BY RAYMOND CALBAY
We've had countless Filipinas, some of them our school teachers, secretaries, and midwives go abroad to work as domestic helpers. They trade the comfort of family and loved ones for higher salaries than they could find locally. Their remittances in turn become the lifeblood for their homes, putting food on the table, sending off their kids to good schools, and pooling money for future investments.
They start jobs with foreign employers prepared to devote their time and care. But soon enough, many would find out that their contracts - as caregivers, babysitters, or live-in helpers - demand much more. From dawn to dusk, they take care of minors and the elderly, and at the same time clean, cook, and run various errands. A 24/7 commitment indeed - and sometimes without a day off. Call it slave labor, but they may also be "shared" by their employers' family or friends to do as much in extra settings too. To top it off, they are also prone to threats, abuse, and violence.
Domestic helpers can only take so much before reaching a breaking point. No wonder, many of them would rather "run away" from their employers than finish their contracts. This is not without legal and financial ramifications - these domestic helpers borrowed money for placement fees with manpower agencies to clinch employment contracts. Poor as they were when they went abroad for jobs, they now also become potential renegades from law.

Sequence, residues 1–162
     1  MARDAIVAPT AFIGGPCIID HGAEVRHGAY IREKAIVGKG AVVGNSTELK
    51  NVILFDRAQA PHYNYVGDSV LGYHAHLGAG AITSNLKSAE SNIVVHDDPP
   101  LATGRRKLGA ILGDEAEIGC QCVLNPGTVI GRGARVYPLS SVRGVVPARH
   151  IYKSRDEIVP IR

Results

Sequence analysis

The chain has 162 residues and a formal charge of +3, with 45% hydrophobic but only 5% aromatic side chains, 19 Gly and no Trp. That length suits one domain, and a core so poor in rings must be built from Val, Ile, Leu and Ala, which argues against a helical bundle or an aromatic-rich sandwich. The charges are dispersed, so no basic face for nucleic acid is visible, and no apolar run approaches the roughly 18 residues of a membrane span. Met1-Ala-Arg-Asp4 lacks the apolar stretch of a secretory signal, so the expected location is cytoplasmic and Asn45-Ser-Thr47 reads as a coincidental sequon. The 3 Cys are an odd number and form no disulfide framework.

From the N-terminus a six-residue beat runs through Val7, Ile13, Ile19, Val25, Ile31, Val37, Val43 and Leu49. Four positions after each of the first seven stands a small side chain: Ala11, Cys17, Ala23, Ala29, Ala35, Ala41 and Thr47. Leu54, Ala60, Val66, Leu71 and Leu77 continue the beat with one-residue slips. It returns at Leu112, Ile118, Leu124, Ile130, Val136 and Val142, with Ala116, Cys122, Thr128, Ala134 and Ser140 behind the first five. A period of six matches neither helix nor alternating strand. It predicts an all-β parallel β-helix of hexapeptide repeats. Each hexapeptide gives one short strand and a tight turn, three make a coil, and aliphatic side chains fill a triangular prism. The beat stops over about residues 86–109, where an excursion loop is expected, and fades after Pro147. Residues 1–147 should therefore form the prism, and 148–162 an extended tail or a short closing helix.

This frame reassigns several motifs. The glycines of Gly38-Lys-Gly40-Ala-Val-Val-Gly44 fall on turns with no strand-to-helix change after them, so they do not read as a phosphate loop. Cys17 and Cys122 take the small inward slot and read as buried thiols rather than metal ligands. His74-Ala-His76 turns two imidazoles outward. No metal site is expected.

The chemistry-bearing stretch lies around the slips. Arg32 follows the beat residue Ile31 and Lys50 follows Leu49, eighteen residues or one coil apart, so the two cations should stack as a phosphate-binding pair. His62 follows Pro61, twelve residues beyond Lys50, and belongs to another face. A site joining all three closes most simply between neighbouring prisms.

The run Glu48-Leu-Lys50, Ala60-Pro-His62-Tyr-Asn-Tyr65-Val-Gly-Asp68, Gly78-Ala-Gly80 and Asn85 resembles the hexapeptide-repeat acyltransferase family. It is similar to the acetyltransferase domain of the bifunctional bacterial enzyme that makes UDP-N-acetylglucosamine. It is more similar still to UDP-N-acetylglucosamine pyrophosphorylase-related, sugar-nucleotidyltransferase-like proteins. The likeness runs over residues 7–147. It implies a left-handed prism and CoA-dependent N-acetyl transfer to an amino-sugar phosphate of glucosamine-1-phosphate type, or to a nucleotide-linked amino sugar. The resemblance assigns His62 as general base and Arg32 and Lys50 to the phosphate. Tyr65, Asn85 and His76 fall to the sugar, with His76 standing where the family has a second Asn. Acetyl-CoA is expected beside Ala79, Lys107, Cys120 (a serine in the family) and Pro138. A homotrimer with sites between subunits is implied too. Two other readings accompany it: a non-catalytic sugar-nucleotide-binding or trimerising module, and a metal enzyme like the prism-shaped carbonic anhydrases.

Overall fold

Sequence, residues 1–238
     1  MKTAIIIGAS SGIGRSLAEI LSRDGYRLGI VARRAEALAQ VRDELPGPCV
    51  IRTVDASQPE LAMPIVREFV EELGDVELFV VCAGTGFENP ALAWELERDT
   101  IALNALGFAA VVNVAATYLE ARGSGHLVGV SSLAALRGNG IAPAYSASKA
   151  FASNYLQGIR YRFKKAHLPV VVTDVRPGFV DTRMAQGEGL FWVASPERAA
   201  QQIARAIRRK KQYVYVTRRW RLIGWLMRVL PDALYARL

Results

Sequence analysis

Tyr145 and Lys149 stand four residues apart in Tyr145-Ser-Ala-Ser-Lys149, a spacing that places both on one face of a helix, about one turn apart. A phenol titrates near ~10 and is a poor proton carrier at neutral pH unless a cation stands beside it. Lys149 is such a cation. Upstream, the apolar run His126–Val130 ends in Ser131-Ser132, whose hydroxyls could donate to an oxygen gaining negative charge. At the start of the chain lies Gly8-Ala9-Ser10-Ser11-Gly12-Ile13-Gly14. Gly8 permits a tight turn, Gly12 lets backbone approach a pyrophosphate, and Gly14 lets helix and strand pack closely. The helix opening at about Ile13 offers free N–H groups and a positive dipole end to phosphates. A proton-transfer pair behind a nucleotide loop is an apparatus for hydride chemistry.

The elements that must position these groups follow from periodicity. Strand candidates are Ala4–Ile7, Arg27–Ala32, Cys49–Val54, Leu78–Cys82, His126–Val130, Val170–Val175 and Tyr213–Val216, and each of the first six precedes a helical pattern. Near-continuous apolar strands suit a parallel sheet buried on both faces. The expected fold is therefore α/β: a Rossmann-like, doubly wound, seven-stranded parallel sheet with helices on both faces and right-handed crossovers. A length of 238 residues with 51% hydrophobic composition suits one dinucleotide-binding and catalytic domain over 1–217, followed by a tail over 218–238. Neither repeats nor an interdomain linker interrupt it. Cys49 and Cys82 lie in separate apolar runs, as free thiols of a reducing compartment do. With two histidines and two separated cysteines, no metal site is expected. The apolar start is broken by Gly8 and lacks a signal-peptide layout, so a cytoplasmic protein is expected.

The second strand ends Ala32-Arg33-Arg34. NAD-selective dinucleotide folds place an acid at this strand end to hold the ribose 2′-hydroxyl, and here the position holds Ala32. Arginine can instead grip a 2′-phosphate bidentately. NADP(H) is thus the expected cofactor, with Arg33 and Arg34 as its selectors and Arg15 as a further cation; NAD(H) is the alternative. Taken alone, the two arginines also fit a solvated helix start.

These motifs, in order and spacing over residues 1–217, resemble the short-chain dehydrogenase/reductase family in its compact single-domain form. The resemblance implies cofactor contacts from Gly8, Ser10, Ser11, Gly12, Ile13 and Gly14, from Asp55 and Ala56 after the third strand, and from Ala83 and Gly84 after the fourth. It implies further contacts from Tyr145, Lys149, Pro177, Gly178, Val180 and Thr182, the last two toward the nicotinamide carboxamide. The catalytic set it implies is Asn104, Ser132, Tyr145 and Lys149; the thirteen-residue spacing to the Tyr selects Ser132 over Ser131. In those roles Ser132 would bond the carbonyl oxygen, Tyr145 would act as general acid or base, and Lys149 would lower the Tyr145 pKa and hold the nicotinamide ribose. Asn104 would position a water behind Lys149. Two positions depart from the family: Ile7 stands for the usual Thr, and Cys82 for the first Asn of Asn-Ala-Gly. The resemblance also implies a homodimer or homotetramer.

What policy changes are needed to protect domestic helpers from this tragic situation? Alex Wolfgram and Nick Vaky take off from this point in their documentary project "I Have it Maid". They have started research in Taiwan, which is host to thousands of domestic helpers. But their work is not yet complete as they need to capture the perspective from domestic helpers departing the Philippines and Southeast Asian nations. They need support for their project through their KickStarter page. How to also take care of domestic helpers - the answer is up to us to piece together.